I love food cooked on the grill, but I hate actually USING the grill, because I have such a hard time figuring out when the grilled meat is DONE! It's not so difficult with seafood like shrimp or even salmon, but when it comes to a nice steak or -- hardest of all -- chicken breasts, my cooking is totally hit or miss. What's the secret?
Since my husband has cottoned on to the fact that I do actually know how to operate the grill and therefore can't try to shirk grilling duty on to him all the time (rats!), I decided to do some research and solve the mystery once and for all. But first I should probably confess my horrible grilling technique ...
I turn the grill on as high as it goes, plop the seasoned chicken on, and run back in the house to work on a salad (or my glass of wine!). When I come back, quite often everything's burnt to a crisp on the outside or literally ON FIRE. ("Is it supposed to be doing that?" is a common refrain heard from my daughter. No, no it's not.)
So I turn it all down, then put the lid of the grill down, and try to "bake" the inside of the chicken while hoping somehow the outside can not cook any further. Eventually I start to think it "looks" done, and I put a piece on a plate and slice it open, only to find that it's TOTALLY RAW in the middle. So into the inferno it goes again.
Don't you want to come over for dinner tomorrow? Ha. Actually, my full-steam-ahead technique results in fairly tasty chicken about half the time. The other half, it results in either fairly tasty but dried out chicken, or fairly tasty but -- gag! -- not quite done in the middle chicken that has to get cooked more, even though we're already sitting at the table and I've turned off the grill ... nooooooo! Dark meat is a lot more forgiving, especially when BBQ sauce is involved, but white meat is much harder and, as my husband will be happy to tell you, is basically ruined by being overcooked.
As you may have already spotted, I'm already making two of the worst grilling mistakes: using too hot of a flame and not attending to my meat while it's grilling. But even if you use a more reasonable heat (medium for chicken!) and stand there STARING at it the ENTIRE time, how are you supposed to know if it's done on the inside without committing the cardinal sin of slicing into the meat to check? I did some research on the Internet and then asked my good friend Jennifer Stafford, who is an incredible cook. It's pretty simple, and I feel stupid that I haven't been doing this ...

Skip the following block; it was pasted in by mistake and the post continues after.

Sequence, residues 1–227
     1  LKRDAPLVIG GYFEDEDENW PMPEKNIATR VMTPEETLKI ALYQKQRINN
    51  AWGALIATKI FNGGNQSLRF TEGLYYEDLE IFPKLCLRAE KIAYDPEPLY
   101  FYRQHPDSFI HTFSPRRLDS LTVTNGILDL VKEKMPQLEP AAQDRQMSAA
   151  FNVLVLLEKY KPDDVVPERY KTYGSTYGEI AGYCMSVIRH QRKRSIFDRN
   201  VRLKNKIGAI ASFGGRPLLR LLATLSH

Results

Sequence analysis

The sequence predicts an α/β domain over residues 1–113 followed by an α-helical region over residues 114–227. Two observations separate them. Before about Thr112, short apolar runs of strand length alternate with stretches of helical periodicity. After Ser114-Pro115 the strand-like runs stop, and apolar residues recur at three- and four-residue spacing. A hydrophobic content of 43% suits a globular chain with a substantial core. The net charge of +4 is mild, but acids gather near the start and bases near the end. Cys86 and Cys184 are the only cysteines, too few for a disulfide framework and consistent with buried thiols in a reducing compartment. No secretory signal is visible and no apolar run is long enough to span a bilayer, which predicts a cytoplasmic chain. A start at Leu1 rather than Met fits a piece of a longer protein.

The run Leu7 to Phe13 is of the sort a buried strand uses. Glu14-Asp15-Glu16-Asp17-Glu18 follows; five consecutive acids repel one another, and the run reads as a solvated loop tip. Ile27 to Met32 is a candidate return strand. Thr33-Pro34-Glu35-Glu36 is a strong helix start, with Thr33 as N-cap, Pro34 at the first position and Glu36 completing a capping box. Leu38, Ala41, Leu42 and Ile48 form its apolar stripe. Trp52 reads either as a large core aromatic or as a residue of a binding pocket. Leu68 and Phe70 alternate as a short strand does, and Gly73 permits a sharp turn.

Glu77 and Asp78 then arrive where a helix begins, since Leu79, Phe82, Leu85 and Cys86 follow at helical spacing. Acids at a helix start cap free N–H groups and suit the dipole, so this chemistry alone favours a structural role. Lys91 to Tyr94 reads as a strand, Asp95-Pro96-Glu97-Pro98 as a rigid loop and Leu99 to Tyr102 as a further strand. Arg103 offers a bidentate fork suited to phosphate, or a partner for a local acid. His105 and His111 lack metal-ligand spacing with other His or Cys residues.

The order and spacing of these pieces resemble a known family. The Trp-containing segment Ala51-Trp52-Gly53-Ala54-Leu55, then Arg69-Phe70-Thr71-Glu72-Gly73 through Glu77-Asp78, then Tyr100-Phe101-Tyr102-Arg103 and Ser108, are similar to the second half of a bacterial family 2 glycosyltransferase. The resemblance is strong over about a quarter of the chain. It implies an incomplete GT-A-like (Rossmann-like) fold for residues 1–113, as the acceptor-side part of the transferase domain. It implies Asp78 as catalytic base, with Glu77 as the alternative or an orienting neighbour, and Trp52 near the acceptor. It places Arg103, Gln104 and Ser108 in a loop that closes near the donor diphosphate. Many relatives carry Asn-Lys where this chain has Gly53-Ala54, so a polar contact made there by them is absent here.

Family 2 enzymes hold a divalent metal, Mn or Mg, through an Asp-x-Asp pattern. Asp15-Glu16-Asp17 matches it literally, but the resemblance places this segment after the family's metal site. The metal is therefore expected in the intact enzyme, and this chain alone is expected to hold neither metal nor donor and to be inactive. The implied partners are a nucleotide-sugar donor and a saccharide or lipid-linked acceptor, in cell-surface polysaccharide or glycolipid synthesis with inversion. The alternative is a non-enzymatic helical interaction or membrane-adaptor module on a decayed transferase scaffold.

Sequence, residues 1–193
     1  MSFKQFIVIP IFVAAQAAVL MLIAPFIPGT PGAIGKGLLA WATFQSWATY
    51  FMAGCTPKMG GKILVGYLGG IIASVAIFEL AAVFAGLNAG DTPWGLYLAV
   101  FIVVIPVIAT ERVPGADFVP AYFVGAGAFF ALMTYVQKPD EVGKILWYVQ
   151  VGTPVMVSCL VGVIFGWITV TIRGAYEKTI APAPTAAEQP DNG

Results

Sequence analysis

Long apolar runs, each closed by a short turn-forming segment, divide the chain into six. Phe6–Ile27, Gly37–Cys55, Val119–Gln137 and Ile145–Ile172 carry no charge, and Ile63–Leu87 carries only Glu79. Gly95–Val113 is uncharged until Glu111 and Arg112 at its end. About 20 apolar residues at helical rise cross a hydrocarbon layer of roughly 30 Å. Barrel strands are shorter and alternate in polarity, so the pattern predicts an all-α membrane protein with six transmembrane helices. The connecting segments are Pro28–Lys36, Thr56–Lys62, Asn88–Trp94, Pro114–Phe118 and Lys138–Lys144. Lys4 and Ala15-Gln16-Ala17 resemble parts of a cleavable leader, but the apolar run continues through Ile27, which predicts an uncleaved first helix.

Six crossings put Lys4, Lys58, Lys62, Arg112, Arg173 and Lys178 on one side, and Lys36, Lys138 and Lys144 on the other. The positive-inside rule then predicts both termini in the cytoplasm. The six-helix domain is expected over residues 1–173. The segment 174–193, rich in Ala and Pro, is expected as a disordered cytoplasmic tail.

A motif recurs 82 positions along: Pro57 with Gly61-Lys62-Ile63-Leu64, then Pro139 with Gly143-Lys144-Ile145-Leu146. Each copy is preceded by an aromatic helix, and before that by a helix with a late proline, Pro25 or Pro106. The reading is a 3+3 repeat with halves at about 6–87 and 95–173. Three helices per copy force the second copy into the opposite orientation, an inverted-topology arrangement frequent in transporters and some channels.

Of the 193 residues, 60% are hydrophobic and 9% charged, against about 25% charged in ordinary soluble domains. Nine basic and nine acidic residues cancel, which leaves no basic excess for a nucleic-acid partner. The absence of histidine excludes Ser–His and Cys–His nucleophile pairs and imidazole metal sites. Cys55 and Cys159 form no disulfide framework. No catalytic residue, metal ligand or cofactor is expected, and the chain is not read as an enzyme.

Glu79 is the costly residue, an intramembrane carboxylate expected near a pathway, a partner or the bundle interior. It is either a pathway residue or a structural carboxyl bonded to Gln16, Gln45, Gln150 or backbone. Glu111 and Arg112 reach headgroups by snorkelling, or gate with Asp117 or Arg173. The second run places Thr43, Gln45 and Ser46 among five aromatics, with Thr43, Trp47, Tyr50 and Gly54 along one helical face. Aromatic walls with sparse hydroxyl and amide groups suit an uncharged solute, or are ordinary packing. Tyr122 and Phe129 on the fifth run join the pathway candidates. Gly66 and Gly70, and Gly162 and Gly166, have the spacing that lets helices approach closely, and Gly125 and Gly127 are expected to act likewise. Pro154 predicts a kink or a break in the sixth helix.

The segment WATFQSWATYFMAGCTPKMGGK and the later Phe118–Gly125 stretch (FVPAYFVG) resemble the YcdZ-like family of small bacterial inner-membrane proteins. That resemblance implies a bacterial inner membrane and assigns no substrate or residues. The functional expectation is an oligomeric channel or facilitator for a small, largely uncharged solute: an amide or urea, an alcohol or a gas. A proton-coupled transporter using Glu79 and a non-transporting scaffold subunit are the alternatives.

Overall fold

Use an instant read meat thermometer. I know. Duh. Take the chicken off the grill for a minute, put it on a plate, and take that baby's temperature. It's done if it's 165 degrees for dark meat, 160 degrees for white meat.
Well OK then. Don't have a meat thermometer, like this Good Grips Analog Instant Read Meat Thermometer ($11.99 at BedBathandBeyond.com)? (Or tend to irrationally distrust them, like I do for no good reason?) You can also make a TINY slit in one breast to see if it's still pink. Not as ideal, but if it's tiny, it won't wreak too much havoc on the overall juiciness. Or, even better, Jennifer tells me you can poke the meat (with a skewer, ideally), and see if the juice that comes out is clear. If it's still pink, pop it back on the (not blazing hot!) grill for a bit longer.
I know -- it's not rocket science, but the ability to figure out when grilled chicken is done has been eluding me and making me truly dislike grilling anything but nice, easy veggies. Knowledge is power, people!
Do you enjoy grilling?
Image via eddie.welker/Flickr